Mass deaths in the marine world, and of course plenty of deaths in the tropicals too. 30c is very warm for any prolonged period for a lot of fish.
Well, this is one I can answer! (Well, at least from a freshwater perspective with livebearers and tetras).

My home gets very hot in the summer and the highest reading on my tank was 29C - and that persistent on and off for several weeks of last summer. At night, it would go back down to 24C ish.

This fish took the variation, and there were no casualties over the summer. I did not like that temperature in the aquarium of course, but the fish seemed quite resilient.
 
Well, this is one I can answer! (Well, at least from a freshwater perspective with livebearers and tetras).

My home gets very hot in the summer and the highest reading on my tank was 29C - and that persistent on and off for several weeks of last summer. At night, it would go back down to 24C ish.

This fish took the variation, and there were no casualties over the summer. I did not like that temperature in the aquarium of course, but the fish seemed quite resilient.
That's good to know, thank you! I assume with evaporative cooling it stayed cooler than ambient temperatures too?
 
I agree it's weird that the standard is so warm. I don't heat my tanks at all, but I keep my house on the warmer side (it doesn't get that cold here, so the extra heating cost isn't bad) and stay away from fish that really need the heat. My fish are lively and healthy and I feel good about it.

It is limiting though. I have a heater and an inkbird ready to go for my next tank because just a few degrees (fahrenheit) warmer in the winter would allow me to keep so many more species comfortably.
 
That's good to know, thank you! I assume with evaporative cooling it stayed cooler than ambient temperatures too?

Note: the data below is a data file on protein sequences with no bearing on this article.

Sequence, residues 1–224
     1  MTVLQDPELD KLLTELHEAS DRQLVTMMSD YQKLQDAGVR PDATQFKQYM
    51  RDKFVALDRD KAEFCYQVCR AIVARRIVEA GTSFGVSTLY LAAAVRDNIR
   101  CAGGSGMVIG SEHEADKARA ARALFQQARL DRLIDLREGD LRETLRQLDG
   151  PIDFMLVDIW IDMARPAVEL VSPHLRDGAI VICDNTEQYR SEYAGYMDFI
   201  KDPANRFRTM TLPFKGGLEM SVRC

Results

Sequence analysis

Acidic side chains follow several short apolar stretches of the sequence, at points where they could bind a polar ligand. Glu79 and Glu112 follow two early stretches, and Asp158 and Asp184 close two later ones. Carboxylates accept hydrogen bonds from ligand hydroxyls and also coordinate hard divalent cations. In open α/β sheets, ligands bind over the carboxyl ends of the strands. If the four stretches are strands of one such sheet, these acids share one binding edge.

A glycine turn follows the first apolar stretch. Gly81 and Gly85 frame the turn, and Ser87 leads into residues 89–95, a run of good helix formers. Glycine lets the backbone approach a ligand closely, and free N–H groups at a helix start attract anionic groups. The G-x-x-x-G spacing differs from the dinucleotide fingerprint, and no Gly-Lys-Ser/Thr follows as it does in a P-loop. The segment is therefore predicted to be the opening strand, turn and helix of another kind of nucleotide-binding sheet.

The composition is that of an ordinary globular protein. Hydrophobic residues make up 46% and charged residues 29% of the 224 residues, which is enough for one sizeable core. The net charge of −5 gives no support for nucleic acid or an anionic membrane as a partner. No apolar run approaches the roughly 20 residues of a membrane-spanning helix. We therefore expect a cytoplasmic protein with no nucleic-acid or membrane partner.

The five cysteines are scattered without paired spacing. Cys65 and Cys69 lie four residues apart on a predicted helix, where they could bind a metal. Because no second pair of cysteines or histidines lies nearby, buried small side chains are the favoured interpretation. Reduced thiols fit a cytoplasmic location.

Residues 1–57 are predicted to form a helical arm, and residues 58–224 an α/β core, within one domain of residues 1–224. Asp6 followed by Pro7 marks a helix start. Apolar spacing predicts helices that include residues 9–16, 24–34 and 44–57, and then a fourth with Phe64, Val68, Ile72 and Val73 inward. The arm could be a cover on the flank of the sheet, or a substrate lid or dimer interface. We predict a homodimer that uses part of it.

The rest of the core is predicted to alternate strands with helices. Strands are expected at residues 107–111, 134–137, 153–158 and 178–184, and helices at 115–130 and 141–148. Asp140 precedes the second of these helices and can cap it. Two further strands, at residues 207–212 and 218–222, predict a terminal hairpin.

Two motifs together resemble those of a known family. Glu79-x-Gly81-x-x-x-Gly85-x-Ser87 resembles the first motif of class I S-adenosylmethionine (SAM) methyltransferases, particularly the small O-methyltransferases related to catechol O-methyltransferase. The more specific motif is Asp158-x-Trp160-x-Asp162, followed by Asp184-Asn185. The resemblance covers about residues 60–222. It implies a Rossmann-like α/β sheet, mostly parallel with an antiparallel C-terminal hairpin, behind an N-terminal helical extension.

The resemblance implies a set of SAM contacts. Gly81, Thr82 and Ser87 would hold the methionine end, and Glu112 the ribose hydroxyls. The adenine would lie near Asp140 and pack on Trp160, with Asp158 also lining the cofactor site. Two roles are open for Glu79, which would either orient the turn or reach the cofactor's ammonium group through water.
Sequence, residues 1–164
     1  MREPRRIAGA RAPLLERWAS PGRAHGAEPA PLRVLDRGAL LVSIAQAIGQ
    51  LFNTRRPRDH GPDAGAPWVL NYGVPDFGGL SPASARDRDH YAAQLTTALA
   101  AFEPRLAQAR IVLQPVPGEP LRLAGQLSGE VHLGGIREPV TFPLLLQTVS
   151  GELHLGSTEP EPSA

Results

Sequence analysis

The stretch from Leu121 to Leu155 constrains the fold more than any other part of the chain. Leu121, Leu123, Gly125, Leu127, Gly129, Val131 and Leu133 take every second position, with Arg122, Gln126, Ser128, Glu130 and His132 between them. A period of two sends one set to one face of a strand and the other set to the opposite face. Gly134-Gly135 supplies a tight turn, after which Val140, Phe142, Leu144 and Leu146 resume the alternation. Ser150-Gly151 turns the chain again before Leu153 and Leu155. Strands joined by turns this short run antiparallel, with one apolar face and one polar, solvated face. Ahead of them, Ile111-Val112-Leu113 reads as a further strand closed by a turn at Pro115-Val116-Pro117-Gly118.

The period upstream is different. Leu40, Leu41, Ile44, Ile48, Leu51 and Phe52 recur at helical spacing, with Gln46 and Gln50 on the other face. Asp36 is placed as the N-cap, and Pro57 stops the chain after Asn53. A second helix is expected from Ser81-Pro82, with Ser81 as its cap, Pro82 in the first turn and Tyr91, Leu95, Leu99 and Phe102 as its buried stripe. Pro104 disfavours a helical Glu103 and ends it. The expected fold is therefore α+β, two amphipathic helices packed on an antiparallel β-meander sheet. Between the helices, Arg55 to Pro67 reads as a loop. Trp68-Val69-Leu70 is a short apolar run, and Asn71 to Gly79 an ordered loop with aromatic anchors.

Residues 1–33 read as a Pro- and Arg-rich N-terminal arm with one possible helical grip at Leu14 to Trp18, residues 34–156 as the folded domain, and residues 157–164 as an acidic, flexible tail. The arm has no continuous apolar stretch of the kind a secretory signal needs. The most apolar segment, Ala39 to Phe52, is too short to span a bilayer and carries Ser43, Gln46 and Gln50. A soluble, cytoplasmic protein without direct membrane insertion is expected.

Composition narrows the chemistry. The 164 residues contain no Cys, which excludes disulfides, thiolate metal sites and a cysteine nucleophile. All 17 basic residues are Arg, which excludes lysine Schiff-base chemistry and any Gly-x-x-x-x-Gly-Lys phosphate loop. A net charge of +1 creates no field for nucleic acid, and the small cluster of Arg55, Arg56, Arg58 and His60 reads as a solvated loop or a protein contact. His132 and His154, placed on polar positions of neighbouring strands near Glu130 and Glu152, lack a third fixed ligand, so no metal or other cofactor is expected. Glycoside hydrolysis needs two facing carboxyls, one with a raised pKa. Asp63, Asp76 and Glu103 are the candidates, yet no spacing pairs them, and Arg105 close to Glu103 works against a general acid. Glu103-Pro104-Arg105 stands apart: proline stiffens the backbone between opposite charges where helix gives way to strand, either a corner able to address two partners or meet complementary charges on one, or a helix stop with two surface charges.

Yes, the room was hotter than the aquarium was at its peak.
 
It is easy for those living up north to keep tanks in the temperatures mentioned in this topic, but in equatorial lands, tanks simply stay between 26~30ºC all the time, and during heat waves go above that. Around here, if someone says the temperature of the tank is 25ºC, inevitably someone else is going to say that this is going to kill their fish as it is basically freezing.

Fishes adapt to the environment and will be OK in a very wide temperature range. Temperature oscillation, on the other hand, I imagine that can stress the more sensible species.
 
22 degrees seems to work for my plants, fish and shrimp and keep evaporation to a minimum. I would like to go down to 20 degrees and keen to hear from others on this. I suspect warmer Summer temperatures prompts shrimp and fish breeding.
 
22 degrees seems to work for my plants, fish and shrimp and keep evaporation to a minimum. I would like to go down to 20 degrees and keen to hear from others on this. I suspect warmer Summer temperatures prompts shrimp and fish breeding.
My personal opinion is that 21 is on the low side. I have experimented with 22-23 for prolonged periods, and the fish have not batted an eyelid. There is conflicting reporting that fish can go down to 19-20, but I have chosen to stick to above 23. But that does not mean I am right, and it might work for some environments and fish!
It is easy for those living up north to keep tanks in the temperatures mentioned in this topic, but in equatorial lands, tanks simply stay between 26~30ºC
I have a 'bad' placement of my aquarium in a room that gets hot. All summer last year the tank hit 28 degrees + during the day. Have to say they survived just fine and were bombing around like they usually do.
 
I think at the lower end a degree can make huge difference. Personally wouldn’t go below 23 degrees. At the middle to upper acceptable end I think there’s perhaps a little more wriggle room. But obviously extremes at either end are not a good idea, especially for prolonged periods.
 
Heater failed two nights ago, and the tetras in that tank went down to 12c

They were lethargic, pale and not looking good. Pretty sure I’d have lost them if I did t catch it sooner (within 24 hours)
 
Mass deaths in the marine world, and of course plenty of deaths in the tropicals too. 30c is very warm for any prolonged period for a lot of fish.
Dissolved Oxygen levels for some fish can become an issue at 30 and above